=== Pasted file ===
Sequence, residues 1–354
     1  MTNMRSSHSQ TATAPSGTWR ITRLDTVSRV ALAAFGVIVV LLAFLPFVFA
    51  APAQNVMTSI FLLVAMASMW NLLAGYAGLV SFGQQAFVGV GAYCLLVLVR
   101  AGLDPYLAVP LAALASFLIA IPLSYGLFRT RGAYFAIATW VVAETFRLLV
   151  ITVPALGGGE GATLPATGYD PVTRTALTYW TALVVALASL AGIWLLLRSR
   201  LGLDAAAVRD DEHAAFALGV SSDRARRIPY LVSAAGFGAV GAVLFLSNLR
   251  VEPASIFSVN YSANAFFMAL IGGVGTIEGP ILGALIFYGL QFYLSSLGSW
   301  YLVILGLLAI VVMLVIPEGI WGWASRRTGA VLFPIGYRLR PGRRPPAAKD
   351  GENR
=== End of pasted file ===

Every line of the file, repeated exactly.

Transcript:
Sequence, residues 1–354
     1  MTNMRSSHSQ TATAPSGTWR ITRLDTVSRV ALAAFGVIVV LLAFLPFVFA
    51  APAQNVMTSI FLLVAMASMW NLLAGYAGLV SFGQQAFVGV GAYCLLVLVR
   101  AGLDPYLAVP LAALASFLIA IPLSYGLFRT RGAYFAIATW VVAETFRLLV
   151  ITVPALGGGE GATLPATGYD PVTRTALTYW TALVVALASL AGIWLLLRSR
   201  LGLDAAAVRD DEHAAFALGV SSDRARRIPY LVSAAGFGAV GAVLFLSNLR
   251  VEPASIFSVN YSANAFFMAL IGGVGTIEGP ILGALIFYGL QFYLSSLGSW
   301  YLVILGLLAI VVMLVIPEGI WGWASRRTGA VLFPIGYRLR PGRRPPAAKD
   351  GENR